Judith Sheffield is a teacher at an inner-city high school with troubled students. One day, her Aunt Rita calls from Borrego, New Mexico, where she grew up, to offer her a job as a teacher, after the previous teacher had a stroke. Judith jumps at the chance and moves back.
Borrego is a small town in which most of the townspeople work at the old oil refinery. Borrego borders an old Indian reservation and the townspeople do not get along well with the Indians.
Upon her return, Judith is reunited with her Aunt Rita, Uncle Max, who owns much of the town and the refinery, and Rita’s nephew, Dr. Mooreland, an old crush and now town doctor.
Judith befriends Frank Arnold, foreman at the refinery, and his son Jed, whose mother was Indian, which makes him an outcast in both communities, resulting in many fights.
Max dies while driving and the refinery is sold to a big corporation, causing a big upheaval.
Judith becomes suspicious when the corporation and Dr. Mooreland have the town’s students take flu shots when no epidemic exists. After she discovers that the flu shots don’t really contain flu vaccine, the corporation and Dr. Mooreland want to shut her and others up.
It’s up to Jed Arnold, his grandfather, Brown Eagle, and Peter, Judith’s scientist friend, to find out what is going on with the town’s children acting like drones, mysterious strokes & deaths, and rescue Judith and the town from one scientist’s vision of a perfect world of slave-like people.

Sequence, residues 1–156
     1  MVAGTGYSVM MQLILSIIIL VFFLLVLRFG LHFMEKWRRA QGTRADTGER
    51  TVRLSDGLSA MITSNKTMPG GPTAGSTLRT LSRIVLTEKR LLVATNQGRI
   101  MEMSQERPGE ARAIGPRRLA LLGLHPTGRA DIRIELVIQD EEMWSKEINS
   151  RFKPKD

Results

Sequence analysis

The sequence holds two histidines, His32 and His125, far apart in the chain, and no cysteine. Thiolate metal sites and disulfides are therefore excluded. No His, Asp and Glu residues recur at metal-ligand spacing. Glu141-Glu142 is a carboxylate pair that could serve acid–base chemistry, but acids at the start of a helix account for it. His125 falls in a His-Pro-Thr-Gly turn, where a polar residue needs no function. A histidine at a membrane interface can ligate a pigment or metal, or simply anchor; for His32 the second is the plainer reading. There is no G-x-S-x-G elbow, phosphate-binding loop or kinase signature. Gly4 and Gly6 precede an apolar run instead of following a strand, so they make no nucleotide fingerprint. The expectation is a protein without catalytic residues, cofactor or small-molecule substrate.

This was a quick read that I couldn’t stop reading until it was over.
The characters are very likeable with great depth, especially Judith and Jed.
The southwestern backdrop offers terrific imagery and the added culture clash, which adds to the realism of the characters.
The ending is good but I wish it had an epilogue which told us what happened to the corporation after Jed saved the day. Saved the day isn’t exactly correct because many of the good guys are dead by the end. It’s not the happiest of endings.
This 1990 novel blends sci-fi and horror with drama to create a simple, yet solid story that is sure to please genre and Saul fans. It feels very Koontz-like.